A week ago, Tony Romo talked to the media-at-large in Seattle about having "dodged a bullet'' in that preseason loss, about having been "crunched'' and "squashed'' but surviving ... yet as it turns out, not "surviving'' well enough to avoid a fractured bone in his back.
Once the mob dispersed, I joked with Romo about making sure to find a roomy, comfy seat on the Dallas Cowboys flight home.
"Oh, I'll make sure they put me up in front,'' he kidded.
But nobody is laughing now. The Cowboys have a sort of solidity in Dak Prescott; at least they know he's on the team, they know he's starting the Sept. 11 season-opener against the Giants, and they know he's well ahead of where they once projected him to be. But beyond Dak?
They have, most of all, a decision. The Romo recovery timetable cannot be written in black-and-white, and indeed, the two media people I most trust on this matter (Bryan Broaddus and, well, myself) are reporting logic at both ends of a realistic spectrum: Broaddus has a source saying Romo could be healed from six weeks from the time of the injury; I have a source close to the situation who says the QB and the Joneses have been informed to "prepare for 10'' missed weeks.
Hope for six, prepare for 10. I bet both of our sources on right on the money.
Thus the debate as Dallas weighs the odds of placing Romo on the short-term injured reserve list, which would require him to sit out the first eight weeks of the season. That process starts with Romo being placed on the initial 53-man roster that must be finalized by Saturday. That's the easy part. The rest of it?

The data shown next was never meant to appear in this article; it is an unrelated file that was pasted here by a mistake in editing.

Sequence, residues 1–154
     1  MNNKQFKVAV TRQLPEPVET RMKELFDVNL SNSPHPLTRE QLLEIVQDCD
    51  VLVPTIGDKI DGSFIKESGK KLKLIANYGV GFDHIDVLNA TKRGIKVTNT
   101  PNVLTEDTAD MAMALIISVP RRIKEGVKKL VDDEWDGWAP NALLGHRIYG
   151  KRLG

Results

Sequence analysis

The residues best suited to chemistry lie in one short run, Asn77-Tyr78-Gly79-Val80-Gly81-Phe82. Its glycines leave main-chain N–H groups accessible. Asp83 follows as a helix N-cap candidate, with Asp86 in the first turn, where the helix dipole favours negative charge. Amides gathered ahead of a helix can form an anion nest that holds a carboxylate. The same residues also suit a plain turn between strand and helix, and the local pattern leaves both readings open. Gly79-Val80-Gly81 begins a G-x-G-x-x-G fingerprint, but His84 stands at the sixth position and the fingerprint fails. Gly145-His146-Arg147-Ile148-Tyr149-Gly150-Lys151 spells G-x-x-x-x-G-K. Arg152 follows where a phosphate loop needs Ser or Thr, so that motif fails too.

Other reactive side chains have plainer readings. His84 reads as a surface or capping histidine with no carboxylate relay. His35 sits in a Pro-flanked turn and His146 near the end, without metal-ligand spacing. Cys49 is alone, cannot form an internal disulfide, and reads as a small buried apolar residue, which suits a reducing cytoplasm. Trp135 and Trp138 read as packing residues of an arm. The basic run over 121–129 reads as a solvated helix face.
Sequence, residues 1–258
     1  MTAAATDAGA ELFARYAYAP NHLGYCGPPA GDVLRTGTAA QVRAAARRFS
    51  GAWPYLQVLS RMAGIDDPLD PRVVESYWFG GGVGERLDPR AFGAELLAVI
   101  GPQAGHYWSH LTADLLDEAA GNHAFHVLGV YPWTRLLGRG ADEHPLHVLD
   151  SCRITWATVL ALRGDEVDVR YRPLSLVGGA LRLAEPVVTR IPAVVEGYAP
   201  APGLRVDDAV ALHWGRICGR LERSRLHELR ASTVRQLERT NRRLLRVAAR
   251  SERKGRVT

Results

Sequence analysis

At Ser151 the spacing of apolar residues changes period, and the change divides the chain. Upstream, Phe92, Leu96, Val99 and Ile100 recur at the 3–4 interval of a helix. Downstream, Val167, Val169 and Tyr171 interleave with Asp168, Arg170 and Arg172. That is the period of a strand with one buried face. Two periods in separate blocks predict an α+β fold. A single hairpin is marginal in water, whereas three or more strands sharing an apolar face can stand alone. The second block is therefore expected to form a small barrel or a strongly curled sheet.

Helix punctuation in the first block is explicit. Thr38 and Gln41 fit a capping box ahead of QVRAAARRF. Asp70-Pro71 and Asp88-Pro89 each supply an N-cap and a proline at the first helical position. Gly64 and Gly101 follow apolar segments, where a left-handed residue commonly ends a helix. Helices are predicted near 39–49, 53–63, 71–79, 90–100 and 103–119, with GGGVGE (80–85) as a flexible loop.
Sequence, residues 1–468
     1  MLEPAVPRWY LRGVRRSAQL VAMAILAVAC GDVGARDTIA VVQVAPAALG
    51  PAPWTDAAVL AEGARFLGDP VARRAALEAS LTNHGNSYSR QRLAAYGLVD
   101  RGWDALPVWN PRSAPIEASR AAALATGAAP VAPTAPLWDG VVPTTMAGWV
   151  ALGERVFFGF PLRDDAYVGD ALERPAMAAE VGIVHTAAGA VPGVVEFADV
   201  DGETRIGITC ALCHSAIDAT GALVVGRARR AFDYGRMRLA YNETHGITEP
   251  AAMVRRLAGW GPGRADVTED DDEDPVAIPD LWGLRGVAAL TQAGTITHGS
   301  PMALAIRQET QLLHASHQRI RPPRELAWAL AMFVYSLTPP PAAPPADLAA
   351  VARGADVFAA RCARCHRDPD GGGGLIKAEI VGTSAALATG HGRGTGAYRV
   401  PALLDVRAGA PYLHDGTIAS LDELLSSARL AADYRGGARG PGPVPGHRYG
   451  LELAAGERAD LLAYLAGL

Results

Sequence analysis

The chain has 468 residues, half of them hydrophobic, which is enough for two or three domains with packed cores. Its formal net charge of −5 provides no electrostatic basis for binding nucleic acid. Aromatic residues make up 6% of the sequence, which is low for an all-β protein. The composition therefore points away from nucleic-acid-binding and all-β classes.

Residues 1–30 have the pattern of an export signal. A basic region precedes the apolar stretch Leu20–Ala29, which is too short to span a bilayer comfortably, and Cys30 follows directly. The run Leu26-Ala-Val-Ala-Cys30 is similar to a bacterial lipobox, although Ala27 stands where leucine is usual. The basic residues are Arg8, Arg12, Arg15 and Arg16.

“It’s a difficult one,” COO Stephen Jones said. “We’re going to wait right down to the last minute and still gather information and ... (we'll) ultimately decide to make that decision in terms of what we need to do with Tony.''
There are other roster decisions to be made by all 32 teams, of course, and other roster decisions to be made in Dallas. Even the QB room here is in flux, because beyond Romo and Prescott, there is Jameill Showers (who did not dazzle while playing the entire preseason loss to the Texans on Thursday) and there is Jerrod Johnson, signed as a 48-hour Band-Aid, and there is flirtation with Austin Davis, who wants to be paid, I think, like something more than a Band-Aid, and there are guys like KC's Aaron Murray, who might get cut and then get claimed by the Cowboys. And I suppose there is a trade that can materialize, because while the Dallas scouting department likes two-year vet backup Murray, the coaching staff might prefer a vet who has actually, you know, played.
“We’ll evaluate everything,” Jones said. “Don’t want to commit one way or another. We’ll see where we end up. We want to make the best decision possible for the team.”
But the Romo decision dwarfs them all. Keep him on the active roster, just in case? Sensible to me, though somebody might argue you will be wasting a roster spot if your doctors are telling you he's two months away from playing. Shove him over to eight-week IR? Fine, if that's the doctors' recommendation ... but man, you are going to have an entire omelet on your face if somehow Romo is healthy in just a few weeks but you've already locked him into street clothes.
Get this decision right -- and get lucky on Romo's health -- and the Dallas Cowboys can maybe, just maybe, in the end, contend for the NFC East title, as was the plan all along. Get this decision wrong and nobody is joking and nobody is comfortable.
UPDATE: And here we are ... Dak is the starter, Mark Sanchez replaces Showers as the caddie, and Romo is staying on the 53, all as of Sunday. The Cowboys can gather more intel on Romo's back and make a Monday change, but they cling to optimism here.
What happens in the next six weeks and beyond is why the Tony Romo IR decision is the biggest roster move in the entire NFL.